An executive order issued last month by New York City Mayor Michael Bloomberg sets new nutrition standards, reinforcing the existing restrictions on milk in schools and expanding the standards to all city agencies. The order is the latest in a series of steps that city officials have taken to address rising concerns about childhood obesity.
The new standards focus on calories, sugar content, sodium and fat allowances for all foods, including dairy products. Specifically, milk must be one percent or nonfat. White milk must not contain more than 100 calories, while flavored milk is required to have 130 calories or fewer per eight-ounce serving. Yogurt also must be lowfat or nonfat, and only lowfat cheeses containing no more than 215 milligrams of sodium per serving will be allowed.
New York City has made several attempts in recent years to fight obesity among the more than one million students in the city's vast public school system. In November 2005, for example, the New York City Department of Education decided to stop serving whole milk altogether and to limit the calories that can be included in flavored milk. In March of 2007, the city council asked the department to reassess its decision, because city government statistics showed that consumption of milk in New York City schools had dropped 10 percent during the short time that the restrictions were in place. ("NYC Council Calls for Assessment of Decision to Limit School Milk Choices in Light of 10% Drop in Consumption.") The department, however, took no action on the council's request.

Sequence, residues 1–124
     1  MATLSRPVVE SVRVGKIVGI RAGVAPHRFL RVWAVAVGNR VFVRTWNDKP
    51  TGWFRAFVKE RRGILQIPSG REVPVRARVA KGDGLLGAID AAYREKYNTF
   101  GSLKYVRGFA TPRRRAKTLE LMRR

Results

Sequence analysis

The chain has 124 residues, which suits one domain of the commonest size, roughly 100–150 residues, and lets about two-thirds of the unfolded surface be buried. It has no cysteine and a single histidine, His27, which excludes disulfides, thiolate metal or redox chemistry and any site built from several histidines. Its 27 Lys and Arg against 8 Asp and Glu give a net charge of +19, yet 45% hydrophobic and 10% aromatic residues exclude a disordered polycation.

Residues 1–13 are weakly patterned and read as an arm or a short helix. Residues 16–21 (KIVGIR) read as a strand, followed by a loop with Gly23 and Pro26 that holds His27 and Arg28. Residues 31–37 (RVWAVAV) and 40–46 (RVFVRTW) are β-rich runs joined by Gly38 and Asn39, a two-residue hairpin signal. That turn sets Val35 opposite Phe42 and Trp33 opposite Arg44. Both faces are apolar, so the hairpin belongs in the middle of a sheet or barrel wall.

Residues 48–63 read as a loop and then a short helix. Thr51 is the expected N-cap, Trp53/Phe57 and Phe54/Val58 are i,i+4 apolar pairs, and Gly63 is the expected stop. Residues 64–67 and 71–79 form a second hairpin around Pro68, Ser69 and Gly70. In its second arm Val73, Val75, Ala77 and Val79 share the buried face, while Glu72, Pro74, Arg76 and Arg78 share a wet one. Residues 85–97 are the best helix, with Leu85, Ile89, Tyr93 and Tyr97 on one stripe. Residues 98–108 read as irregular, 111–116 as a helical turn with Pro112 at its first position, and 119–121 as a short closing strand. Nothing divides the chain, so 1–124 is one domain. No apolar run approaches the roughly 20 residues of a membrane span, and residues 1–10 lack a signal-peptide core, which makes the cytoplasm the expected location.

"We are very concerned about the decline in school milk consumption as a result of this policy. Milk is the number one source of calcium and other essential nutrients in the diet of all Americans, especially school-age children, and many only get milk at school." said Ruth Saunders, IDFA senior director of policy and legislative affairs.
Studies have shown that sodas and fruit drinks are the number one source of added sugars in the diets of U.S. children, and children who drink flavored milk tend to drink fewer nutrient-void sodas and sugar fruit drinks, according to the American Dietetic Association. IDFA will urge Mayor Bloomberg to put the nutritional health of the children and their parents first by reassessing the restrictions that are limiting milk consumption in schools.
For more information, contact Saunders at email@example.com or 202-220-3553.